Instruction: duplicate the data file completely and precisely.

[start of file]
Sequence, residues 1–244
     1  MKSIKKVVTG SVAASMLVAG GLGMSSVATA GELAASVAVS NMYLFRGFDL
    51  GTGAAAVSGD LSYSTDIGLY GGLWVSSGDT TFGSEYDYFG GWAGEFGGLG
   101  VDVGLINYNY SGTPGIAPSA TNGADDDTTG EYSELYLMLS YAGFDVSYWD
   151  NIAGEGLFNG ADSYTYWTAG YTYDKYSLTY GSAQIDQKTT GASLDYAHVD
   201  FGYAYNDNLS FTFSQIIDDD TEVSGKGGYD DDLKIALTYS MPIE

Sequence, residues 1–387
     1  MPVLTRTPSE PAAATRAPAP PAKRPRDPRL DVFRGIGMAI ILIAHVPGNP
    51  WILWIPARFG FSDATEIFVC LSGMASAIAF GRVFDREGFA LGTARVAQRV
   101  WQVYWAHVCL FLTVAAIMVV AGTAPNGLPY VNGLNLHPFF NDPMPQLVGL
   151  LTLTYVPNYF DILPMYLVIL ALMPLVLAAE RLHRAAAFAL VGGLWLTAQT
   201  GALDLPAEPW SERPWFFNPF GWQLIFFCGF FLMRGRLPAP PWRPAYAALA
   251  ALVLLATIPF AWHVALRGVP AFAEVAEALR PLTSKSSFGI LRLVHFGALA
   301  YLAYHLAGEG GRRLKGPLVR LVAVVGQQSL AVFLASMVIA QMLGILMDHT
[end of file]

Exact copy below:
Sequence, residues 1–244
     1  MKSIKKVVTG SVAASMLVAG GLGMSSVATA GELAASVAVS NMYLFRGFDL
    51  GTGAAAVSGD LSYSTDIGLY GGLWVSSGDT TFGSEYDYFG GWAGEFGGLG
   101  VDVGLINYNY SGTPGIAPSA TNGADDDTTG EYSELYLMLS YAGFDVSYWD
   151  NIAGEGLFNG ADSYTYWTAG YTYDKYSLTY GSAQIDQKTT GASLDYAHVD
   201  FGYAYNDNLS FTFSQIIDDD TEVSGKGGYD DDLKIALTYS MPIE

Sequence, residues 1–387
     1  MPVLTRTPSE PAAATRAPAP PAKRPRDPRL DVFRGIGMAI ILIAHVPGNP
    51  WILWIPARFG FSDATEIFVC LSGMASAIAF GRVFDREGFA LGTARVAQRV
   101  WQVYWAHVCL FLTVAAIMVV AGTAPNGLPY VNGLNLHPFF NDPMPQLVGL
   151  LTLTYVPNYF DILPMYLVIL ALMPLVLAAE RLHRAAAFAL VGGLWLTAQT
   201  GALDLPAEPW SERPWFFNPF GWQLIFFCGF FLMRGRLPAP PWRPAYAALA
   251  ALVLLATIPF AWHVALRGVP AFAEVAEALR PLTSKSSFGI LRLVHFGALA
   301  YLAYHLAGEG GRRLKGPLVR LVAVVGQQSL AVFLASMVIA QMLGILMDHT